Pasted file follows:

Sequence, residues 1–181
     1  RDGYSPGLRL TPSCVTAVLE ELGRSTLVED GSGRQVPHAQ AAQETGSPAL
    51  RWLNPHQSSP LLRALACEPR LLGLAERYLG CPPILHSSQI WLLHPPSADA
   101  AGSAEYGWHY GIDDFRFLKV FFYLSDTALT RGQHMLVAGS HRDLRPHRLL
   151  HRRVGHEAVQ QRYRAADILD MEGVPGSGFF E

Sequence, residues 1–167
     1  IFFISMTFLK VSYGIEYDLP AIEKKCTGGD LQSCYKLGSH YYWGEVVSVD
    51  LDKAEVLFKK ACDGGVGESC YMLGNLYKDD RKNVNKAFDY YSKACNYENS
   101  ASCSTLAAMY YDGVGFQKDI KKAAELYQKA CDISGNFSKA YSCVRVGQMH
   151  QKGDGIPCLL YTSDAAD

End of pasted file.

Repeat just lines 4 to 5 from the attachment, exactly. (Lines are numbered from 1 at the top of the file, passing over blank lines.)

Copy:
   101  AGSAEYGWHY GIDDFRFLKV FFYLSDTALT RGQHMLVAGS HRDLRPHRLL
   151  HRRVGHEAVQ QRYRAADILD MEGVPGSGFF E